Wedding Guide

Vows That Wow — and Mean Something

posted: 05/02/11
by: Natalie Kilgore
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To have and to hold -- or something a bit more personal?
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You've booked the ceremony venue and the after-party location, rented a tuxedo and purchased a white satin gown. With all the major items checked off your list, it's time to pay attention to smaller details of your wedding day -- vows included.

The most important part of your wedding day can be easily overlooked. There's a lot more to saying "I do" than just saying "I do." Some brides go with traditional vows. You certainly want to love, comfort, honor and keep your significant other for better or worse, for richer or poorer, in sickness and in health. But you might wonder if there's a more modern and personal way to promise your undying love to each other at the altar. If you and your spouse-to-be are a little more adventurous than the average couple, you can write your own vows.

There's nothing more romantic than writing your own vows to recite on your wedding day, and if you're up for the challenge, it can be a special bonding experience. However, even the most accomplished communicator can get a serious case of writer's block when tasked with vow-writing. How do you choose the words to describe the life-long commitment you're making?

We've got some tips and inspiring ideas for writing vows that wow -- and mean something.

Before you begin an intense wedding vows brainstorm session and put ink to paper, meet with an officiant to discuss your ideas for personalized vows. Some congregations require couples to recite a portion of traditional vows and may rule out any modernization altogether; this decision is often left to the officiant's discretion. If your officiant supports your desire to write personal vows, he or she can help you find the right words to describe your feelings and offer you some solid advice.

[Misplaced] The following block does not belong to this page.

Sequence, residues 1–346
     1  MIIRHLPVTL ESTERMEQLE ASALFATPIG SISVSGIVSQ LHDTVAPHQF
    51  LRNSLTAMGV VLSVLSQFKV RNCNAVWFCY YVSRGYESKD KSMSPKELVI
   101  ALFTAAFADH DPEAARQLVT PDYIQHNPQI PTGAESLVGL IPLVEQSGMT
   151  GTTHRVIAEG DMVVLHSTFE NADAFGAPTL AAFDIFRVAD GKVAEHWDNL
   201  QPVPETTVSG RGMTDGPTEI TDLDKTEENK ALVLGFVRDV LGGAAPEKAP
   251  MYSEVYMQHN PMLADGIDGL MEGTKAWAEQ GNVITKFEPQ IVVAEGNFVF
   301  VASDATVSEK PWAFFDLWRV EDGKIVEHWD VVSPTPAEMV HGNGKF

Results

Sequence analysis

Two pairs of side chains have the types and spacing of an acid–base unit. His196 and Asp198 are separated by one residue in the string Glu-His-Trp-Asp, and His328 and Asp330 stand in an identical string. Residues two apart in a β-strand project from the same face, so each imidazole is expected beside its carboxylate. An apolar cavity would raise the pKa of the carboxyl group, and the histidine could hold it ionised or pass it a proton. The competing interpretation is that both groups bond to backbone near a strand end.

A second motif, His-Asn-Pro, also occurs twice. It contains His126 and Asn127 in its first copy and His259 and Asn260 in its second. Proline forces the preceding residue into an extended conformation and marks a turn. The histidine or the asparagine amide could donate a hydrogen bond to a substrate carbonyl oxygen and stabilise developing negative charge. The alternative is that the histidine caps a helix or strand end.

Before the wedding day, consult your officiant one last time to have your vows reviewed for a final seal of approval. Even though you and your fianc? have more than likely already agreed on the tone, subject and length of your wedding vows, it's nice to have a third party's perspective. And don't worry if you have last-minute nerves or get a little misty during the ceremony; it's completely acceptable for the officiant to read your vows to the congregation for you!

OK, we're getting a little ahead of ourselves. We'll get down and dirty with the actual writing process next.

After you've gotten the green light to move forward with personalized vows, decide whether you and your fianc? want to write them together or on your own (some couples like the vows to be a surprise).

If you agree to make the vows a joint project, sit down with your fianc? and discuss what content should be included and which subjects are off-limits. Decide on the tone of your vows -- do you want to be completely serious, or are you invested in making your fianc?, friends and family laugh? No matter which direction you go, just remember that your time at the altar shouldn't be confused with stand-up comedy hour. There's nothing worse than witnessing a bride recite her touching, heartfelt vows to the groom only to have him follow with less serious remarks about joint bank accounts and a quote from his favorite movie.